So you bought a high performance TV and a set of $20.00 rabbit ears and there are lines on channels 2-6. Go buy a set of rabbit ears that has *only* a coax connector on the back, throw the cable supplied with it in the bin for 'twist ties'. Also buy an inexpensive surge suppressor that has a cable protector, enough RG-6 cable and connectors for two cables. * Make one cable long enough to get the antenna away from the set (12ft) and the other to connect the antenna to the surge suppressor. * Connect the long cable to the set and the other end to the surge suppressor. * Find an outlet away from the set and plug the surge suppressor in (pick the most sane order for all of this.) * Connect the shorter cable to the surge suppressor and connect the other end to the antenna. You're done and if you thought carefully you would have put the antenna near your easy chair so you can adjust the picture or put the antenna where you'll get the best reception and prevent interference. The surge suppressor was needed to ground the other end of the coax so as not to make the outer shield an antenna for the interference from the TV's power supply. This method can also help allevate 'dead spots' when using rabbit ears.
(From: Isaac Bergen (email@example.com)). Could be interference. If the pattern slowly moves up the screen, the problem is from the 60 Hz power. A line of dots or thin lines usually means corona discharge (arcing) from a nearby power line (especially on humid days). Could also be from a bad filter capacitor in the TV's power supply. A "checkered" pattern could be from a digital type noise source like a computer, etc. If you move the TV to another room and the interference changes, that's probably it. EM or RFI hell? -------------- "About a mile from my home there are four TV (channels 2, 4, 9 and 14) and several broadcast FM transmitters, all working with powers in the 100+ Kw ERP class. Radio reception is a nightmare, mostly (I think) because of IM products in overloaded front end stages. In most bands there are several regions at a spacing of about 100 Khz, each 30 to 40 Khz wide with a harsh buzz stronger than anything else." (From: Don Klipstein (don@Misty.com)). If the buzz is of a frequency like the power line frequency or a harmonic thereof, then the nearby transmitters may not be the culprit. Instead, nearby corona on a high voltage power line, a nearby neon sign, or a nearby light dimmer may be the offender. Although the noise from these is usually broad-band, the noise could get concentrated into bands spaced 100 KHz apart if something resonant around 100 KHz is involved in the noise production. I would try temporarily turning off all fluorescent lights, neon signs, lights with dimmers, etc. and asking your neighbors to do the same to see if any of these is the offender. I have often found light dimmers to be major RF noise sources. Possibly, an RF noise filter for the AC power for your receiver may help things. If you isolate a single offending appliance, it may help to plug it into an RF noise filter. If you use any filters with either the offending appliance or the receiver, try all combinations of plug reversal to see what works best. Both leads of any offending appliance may not equally spew noise, and both lines in the filter may not equally block noise. Both lines of the receiver's power cord may not equally bring noise into the receiver, if this is the route the noise takes.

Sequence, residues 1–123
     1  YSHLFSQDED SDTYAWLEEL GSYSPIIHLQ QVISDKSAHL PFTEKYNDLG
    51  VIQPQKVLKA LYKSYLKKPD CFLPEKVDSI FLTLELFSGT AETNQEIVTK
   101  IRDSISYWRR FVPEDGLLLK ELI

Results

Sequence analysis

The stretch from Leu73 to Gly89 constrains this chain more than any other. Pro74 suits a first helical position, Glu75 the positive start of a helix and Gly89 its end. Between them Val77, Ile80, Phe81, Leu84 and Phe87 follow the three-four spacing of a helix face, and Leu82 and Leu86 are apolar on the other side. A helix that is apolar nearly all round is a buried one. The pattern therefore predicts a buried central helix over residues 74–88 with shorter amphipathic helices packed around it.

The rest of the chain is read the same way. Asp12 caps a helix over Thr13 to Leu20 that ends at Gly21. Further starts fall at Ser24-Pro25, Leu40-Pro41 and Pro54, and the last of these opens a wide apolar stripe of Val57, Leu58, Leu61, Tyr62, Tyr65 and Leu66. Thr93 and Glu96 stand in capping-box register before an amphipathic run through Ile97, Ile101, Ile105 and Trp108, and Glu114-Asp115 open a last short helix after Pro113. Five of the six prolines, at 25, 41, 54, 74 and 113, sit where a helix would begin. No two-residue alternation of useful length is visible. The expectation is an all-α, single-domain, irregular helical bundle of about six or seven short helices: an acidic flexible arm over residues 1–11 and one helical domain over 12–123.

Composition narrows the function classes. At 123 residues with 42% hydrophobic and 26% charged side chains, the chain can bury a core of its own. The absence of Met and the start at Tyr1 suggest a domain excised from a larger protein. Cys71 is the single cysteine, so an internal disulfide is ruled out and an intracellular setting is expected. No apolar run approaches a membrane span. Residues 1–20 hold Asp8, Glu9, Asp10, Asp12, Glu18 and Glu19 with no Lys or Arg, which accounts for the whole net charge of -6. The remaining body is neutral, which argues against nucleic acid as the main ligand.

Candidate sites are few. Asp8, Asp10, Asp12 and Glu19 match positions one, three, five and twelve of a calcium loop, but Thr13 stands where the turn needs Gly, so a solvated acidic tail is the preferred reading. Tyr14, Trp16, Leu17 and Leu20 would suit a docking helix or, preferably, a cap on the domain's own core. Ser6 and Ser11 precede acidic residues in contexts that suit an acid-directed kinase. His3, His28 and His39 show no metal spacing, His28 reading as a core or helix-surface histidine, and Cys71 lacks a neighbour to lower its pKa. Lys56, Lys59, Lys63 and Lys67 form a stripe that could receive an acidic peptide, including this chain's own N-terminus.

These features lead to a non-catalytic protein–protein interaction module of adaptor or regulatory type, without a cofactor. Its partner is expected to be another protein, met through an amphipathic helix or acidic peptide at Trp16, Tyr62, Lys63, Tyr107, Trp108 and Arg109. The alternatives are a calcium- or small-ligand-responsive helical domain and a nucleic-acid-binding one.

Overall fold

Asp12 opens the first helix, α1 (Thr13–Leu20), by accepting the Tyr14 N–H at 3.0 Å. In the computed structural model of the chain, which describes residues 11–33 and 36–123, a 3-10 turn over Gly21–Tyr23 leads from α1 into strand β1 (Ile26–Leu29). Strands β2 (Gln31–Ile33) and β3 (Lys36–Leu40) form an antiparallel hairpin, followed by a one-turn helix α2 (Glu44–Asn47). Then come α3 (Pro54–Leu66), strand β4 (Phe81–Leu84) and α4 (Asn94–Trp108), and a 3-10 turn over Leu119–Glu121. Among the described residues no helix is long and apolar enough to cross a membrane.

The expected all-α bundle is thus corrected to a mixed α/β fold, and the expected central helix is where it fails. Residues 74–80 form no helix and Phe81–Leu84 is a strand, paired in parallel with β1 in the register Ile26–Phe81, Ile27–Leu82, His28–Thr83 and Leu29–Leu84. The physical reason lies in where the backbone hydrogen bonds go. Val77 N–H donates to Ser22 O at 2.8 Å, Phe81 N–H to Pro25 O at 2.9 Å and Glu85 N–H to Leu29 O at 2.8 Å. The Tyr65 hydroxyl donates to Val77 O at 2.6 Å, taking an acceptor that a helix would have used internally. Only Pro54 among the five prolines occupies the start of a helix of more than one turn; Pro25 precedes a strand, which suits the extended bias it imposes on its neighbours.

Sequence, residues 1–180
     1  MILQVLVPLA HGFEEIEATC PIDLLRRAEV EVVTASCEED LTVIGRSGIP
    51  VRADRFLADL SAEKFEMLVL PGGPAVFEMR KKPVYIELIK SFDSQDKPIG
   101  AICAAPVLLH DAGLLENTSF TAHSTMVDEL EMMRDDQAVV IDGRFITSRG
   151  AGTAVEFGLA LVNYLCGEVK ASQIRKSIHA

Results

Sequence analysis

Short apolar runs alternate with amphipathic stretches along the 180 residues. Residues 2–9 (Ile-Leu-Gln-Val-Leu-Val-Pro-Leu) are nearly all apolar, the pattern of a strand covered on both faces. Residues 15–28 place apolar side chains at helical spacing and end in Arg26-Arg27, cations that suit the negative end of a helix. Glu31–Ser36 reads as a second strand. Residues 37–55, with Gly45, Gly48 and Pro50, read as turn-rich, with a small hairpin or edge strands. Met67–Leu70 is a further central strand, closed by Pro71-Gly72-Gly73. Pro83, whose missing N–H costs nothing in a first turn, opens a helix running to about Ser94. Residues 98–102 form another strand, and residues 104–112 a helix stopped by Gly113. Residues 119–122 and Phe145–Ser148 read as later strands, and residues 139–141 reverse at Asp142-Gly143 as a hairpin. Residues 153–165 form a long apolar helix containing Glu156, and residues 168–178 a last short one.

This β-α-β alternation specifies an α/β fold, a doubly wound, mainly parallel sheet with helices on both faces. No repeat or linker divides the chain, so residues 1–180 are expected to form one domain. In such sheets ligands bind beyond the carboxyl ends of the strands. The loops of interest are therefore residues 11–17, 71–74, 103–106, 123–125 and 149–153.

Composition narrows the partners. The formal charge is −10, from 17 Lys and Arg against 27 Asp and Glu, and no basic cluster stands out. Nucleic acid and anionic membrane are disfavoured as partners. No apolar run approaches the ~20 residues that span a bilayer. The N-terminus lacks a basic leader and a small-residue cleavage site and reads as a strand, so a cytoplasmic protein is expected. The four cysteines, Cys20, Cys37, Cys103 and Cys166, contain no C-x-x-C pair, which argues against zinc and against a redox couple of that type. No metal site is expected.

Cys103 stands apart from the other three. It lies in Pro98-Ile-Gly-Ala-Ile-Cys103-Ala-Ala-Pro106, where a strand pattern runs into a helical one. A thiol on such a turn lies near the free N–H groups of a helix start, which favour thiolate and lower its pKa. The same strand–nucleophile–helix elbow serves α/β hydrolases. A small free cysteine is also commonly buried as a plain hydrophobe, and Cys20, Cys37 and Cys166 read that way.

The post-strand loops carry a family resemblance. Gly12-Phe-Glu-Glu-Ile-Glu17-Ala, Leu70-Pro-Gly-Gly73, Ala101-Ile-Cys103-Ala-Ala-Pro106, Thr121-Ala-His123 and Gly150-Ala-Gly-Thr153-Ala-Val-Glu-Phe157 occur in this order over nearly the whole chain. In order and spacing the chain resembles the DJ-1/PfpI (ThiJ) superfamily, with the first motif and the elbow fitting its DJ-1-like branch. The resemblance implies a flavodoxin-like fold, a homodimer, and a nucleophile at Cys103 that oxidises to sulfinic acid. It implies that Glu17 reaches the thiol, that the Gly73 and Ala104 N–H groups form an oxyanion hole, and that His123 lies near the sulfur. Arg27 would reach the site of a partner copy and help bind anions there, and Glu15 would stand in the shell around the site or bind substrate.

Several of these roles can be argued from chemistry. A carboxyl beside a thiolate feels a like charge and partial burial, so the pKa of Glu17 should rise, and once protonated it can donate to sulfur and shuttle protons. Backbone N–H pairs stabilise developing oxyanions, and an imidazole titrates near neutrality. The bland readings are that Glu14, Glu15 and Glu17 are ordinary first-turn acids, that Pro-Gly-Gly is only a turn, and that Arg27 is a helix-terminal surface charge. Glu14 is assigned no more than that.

First check that any muting control is not activated. This might be a button on the remote or set itself. If you have a headphone jack, it may have dirty contacts as plugging in a headphone usually mutes the speaker. If the set is mono or only one channel of a stereo set is out, then check for bad connections to the loudspeaker. Test the loudspeaker by disconnecting one of the wires (with the power off!) and measuring its resistance with an ohmmeter (it should be less than 100 ohms - probably less than 8 ohms). Or momentarily touch a 1.5 volt battery to the speaker terminals - you should get a click or pop from the speaker. Next, trace back from the speaker output terminals to the circuit board and look for bad solder connections or a loose or dirty connector. If these tests do not reveal anything, you probably need a scope (or audio signal tracer) and schematic. Or at least the part number off of the chip. Is the final amp a chip also or just a transistor? Have you tested the transistor? If there is little or no buzz from the speaker, that would indicate a problem fairly near the output. If the tuner/if were bad, I would expect some noise/humm pickup from the low level audio stages. Get the part number off of the chip. If it is in a socket, check the contacts for corrosion or looseness.